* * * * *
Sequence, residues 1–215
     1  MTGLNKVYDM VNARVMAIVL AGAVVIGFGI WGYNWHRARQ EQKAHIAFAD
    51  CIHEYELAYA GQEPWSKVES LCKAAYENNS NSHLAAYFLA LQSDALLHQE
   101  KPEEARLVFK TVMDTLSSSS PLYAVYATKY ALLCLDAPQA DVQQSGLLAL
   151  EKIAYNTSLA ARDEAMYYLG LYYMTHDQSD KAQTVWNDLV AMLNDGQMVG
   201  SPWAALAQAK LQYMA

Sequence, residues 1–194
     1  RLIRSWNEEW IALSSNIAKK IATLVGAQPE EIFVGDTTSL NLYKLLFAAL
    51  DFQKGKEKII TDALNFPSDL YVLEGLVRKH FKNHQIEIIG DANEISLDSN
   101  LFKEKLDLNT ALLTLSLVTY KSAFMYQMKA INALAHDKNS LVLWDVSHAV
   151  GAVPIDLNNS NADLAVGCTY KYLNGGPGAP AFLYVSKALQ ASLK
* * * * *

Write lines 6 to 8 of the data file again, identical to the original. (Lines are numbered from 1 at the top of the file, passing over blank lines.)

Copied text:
   201  SPWAALAQAK LQYMA

Sequence, residues 1–194
     1  RLIRSWNEEW IALSSNIAKK IATLVGAQPE EIFVGDTTSL NLYKLLFAAL